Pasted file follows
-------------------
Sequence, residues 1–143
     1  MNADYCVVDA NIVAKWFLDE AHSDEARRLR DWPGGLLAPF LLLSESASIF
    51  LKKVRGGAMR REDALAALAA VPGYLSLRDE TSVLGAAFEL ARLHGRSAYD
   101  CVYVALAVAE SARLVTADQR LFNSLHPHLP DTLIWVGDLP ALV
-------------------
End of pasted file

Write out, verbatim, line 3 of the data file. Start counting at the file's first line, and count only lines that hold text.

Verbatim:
    51  LKKVRGGAMR REDALAALAA VPGYLSLRDE TSVLGAAFEL ARLHGRSAYD